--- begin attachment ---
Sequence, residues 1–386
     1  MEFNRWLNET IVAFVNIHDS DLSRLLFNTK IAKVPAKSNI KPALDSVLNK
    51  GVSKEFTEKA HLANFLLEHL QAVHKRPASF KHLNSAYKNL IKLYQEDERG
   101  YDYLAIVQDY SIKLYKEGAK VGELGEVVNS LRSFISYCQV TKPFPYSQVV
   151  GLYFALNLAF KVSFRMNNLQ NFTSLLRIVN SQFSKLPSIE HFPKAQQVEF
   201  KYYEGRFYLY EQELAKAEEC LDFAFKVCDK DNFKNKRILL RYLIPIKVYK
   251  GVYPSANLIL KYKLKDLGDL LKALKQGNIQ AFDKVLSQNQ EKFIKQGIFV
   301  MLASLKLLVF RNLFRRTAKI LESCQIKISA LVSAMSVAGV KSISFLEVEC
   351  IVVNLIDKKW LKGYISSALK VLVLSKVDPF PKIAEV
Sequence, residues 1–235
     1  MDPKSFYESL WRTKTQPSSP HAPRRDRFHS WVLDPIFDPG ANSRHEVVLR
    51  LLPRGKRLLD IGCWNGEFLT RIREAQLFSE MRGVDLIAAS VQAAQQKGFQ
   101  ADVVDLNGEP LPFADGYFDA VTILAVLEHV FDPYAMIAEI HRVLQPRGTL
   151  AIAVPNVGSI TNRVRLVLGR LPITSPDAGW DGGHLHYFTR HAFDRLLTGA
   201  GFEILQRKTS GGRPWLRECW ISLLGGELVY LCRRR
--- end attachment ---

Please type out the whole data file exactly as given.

Sequence, residues 1–386
     1  MEFNRWLNET IVAFVNIHDS DLSRLLFNTK IAKVPAKSNI KPALDSVLNK
    51  GVSKEFTEKA HLANFLLEHL QAVHKRPASF KHLNSAYKNL IKLYQEDERG
   101  YDYLAIVQDY SIKLYKEGAK VGELGEVVNS LRSFISYCQV TKPFPYSQVV
   151  GLYFALNLAF KVSFRMNNLQ NFTSLLRIVN SQFSKLPSIE HFPKAQQVEF
   201  KYYEGRFYLY EQELAKAEEC LDFAFKVCDK DNFKNKRILL RYLIPIKVYK
   251  GVYPSANLIL KYKLKDLGDL LKALKQGNIQ AFDKVLSQNQ EKFIKQGIFV
   301  MLASLKLLVF RNLFRRTAKI LESCQIKISA LVSAMSVAGV KSISFLEVEC
   351  IVVNLIDKKW LKGYISSALK VLVLSKVDPF PKIAEV
Sequence, residues 1–235
     1  MDPKSFYESL WRTKTQPSSP HAPRRDRFHS WVLDPIFDPG ANSRHEVVLR
    51  LLPRGKRLLD IGCWNGEFLT RIREAQLFSE MRGVDLIAAS VQAAQQKGFQ
   101  ADVVDLNGEP LPFADGYFDA VTILAVLEHV FDPYAMIAEI HRVLQPRGTL
   151  AIAVPNVGSI TNRVRLVLGR LPITSPDAGW DGGHLHYFTR HAFDRLLTGA
   201  GFEILQRKTS GGRPWLRECW ISLLGGELVY LCRRR